Film Four FrightFest - Monday

It's the final day of the FrightFest and I'm actually sorry it's ending. This weekend has given me a new respect for a genre I'd written off as throwaway schlock, and I'm gonna keep my eyes open for new movies by some of the people who showcased work here. 

Banshee Chapter

Banshee Chapter, AKA 21 Jump Scare Street, is a movie by director Blair Erickson (who we interviewed right HERE) which explores the aftermath of a shady government experiment into the effects of dimethyltryptamine (DMT for you cool kids). A lad by the name of James is making a documentary film on the experiment, known as MK-Ultra (which is a real thing by the way. Look it up.) and manages to get his hands on some of the incredibly rare DMT-19, which has been cut with a mystery chemical from a mystery source. He is filmed drinking the blue liquid (MK-Ultra? More like Always Ultra! Am I right?) and nothing much really happens, until a mysterious broadcast starts to play on his radio. Then he and his friend Renny are seemingly attacked, and James disappears forever.

Cut to later when his sexy British friend Anna (Katia Winter), who is a journalist for a news website with the most relaxed policy on work absence I've ever seen, is investigating what might have become of James. We're shown that the police blamed Renny for his disappearance, but without a body there was no way to hold the poor sod and was let go, vanishing himself a few days later.

Anna gets in touch with Ted Levine, doing an extended Hunter S. Thompson impression as cult gonzo writer Thomas Blackburn, and together they themselves take some DMT-19, which Blackburn's hippie mate Callie has managed to put together herself. Then monsters. 

The film's a mess, in all honesty. It leans far too heavily on the Jump Scare lever to try and draw you in and hopefully make you forget about the incredibly patchy plot. Things go silent, then stay silent... and silent. And silent still... and she goes up to the window/door/peephole/curtains/porthole... and silent... and then BOOM a monster's face and we're all meant to be hurled back in our seats by primal fear. But we're not, because it took 3 full minutes to get us there and we expected it like we expect the Coke ad at Christmas.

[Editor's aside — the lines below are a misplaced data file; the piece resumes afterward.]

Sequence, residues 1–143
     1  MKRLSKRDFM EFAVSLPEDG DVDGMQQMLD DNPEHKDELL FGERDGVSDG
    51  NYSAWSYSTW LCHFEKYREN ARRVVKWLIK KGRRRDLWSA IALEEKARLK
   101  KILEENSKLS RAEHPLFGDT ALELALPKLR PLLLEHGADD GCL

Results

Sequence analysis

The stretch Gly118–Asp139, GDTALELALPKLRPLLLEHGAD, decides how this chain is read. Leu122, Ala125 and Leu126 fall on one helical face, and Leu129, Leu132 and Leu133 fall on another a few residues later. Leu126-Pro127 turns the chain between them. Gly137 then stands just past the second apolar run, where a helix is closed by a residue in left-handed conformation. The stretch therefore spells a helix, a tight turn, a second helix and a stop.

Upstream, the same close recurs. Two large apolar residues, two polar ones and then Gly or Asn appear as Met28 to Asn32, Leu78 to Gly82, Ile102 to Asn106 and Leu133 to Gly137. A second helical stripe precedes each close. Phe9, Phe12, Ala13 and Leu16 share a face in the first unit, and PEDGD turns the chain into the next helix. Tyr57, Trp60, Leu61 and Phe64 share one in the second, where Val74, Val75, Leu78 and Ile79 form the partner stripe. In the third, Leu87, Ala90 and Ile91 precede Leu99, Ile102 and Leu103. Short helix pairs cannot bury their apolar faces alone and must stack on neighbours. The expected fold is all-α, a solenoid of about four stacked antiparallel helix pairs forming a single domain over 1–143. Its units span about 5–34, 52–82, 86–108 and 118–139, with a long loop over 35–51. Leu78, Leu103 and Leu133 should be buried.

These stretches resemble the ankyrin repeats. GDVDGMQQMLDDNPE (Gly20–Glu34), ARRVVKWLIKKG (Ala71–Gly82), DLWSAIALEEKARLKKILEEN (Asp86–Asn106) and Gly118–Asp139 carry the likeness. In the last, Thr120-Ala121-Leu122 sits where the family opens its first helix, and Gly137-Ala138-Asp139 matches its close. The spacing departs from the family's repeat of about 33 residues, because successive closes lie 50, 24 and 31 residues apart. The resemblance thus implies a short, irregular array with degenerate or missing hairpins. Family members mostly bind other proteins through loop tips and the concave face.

Even the style is confused; what starts off as a documentary, with Anna narrating, is forgotten about 20 minutes in and carries on like a regular movie. But still shot like a documentary. At some points she looks to the camera as if checking on the man holding it, then it's as if there is no man and she acts like there's no camera present. 

The dialogue is wooden and obvious, with plenty of annoying little foibles that seem to crop up in lazily written scripts (English people don't say "What was with you back there." and yet when written into American movies it's like a bloody catchphrase.) The only thing that elevates this picture from utter gutter balls is the performance of Ted Levine from Silence of the Lambs and Monk. 

His Hunter Thompson homage is pretty on the money, even if it does perhaps go too far in its accuracy when (*the character shoots himself in the head*) He's charming and engaging in a movie that's neither and bad lines sound half decent coming out of his mouth in the sound of his voice. He never oversteps it into cartoonish parody and overall gives a very respectful version of the late Thompson.